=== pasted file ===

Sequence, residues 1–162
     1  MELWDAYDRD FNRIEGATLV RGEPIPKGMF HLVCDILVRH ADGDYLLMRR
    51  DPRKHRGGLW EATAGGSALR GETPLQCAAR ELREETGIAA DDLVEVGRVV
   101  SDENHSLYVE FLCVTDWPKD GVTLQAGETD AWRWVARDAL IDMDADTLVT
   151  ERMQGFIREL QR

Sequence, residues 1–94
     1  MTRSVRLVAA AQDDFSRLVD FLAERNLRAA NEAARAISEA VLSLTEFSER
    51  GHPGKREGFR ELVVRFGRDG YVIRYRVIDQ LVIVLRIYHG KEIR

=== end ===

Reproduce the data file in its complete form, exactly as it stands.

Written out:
Sequence, residues 1–162
     1  MELWDAYDRD FNRIEGATLV RGEPIPKGMF HLVCDILVRH ADGDYLLMRR
    51  DPRKHRGGLW EATAGGSALR GETPLQCAAR ELREETGIAA DDLVEVGRVV
   101  SDENHSLYVE FLCVTDWPKD GVTLQAGETD AWRWVARDAL IDMDADTLVT
   151  ERMQGFIREL QR

Sequence, residues 1–94
     1  MTRSVRLVAA AQDDFSRLVD FLAERNLRAA NEAARAISEA VLSLTEFSER
    51  GHPGKREGFR ELVVRFGRDG YVIRYRVIDQ LVIVLRIYHG KEIR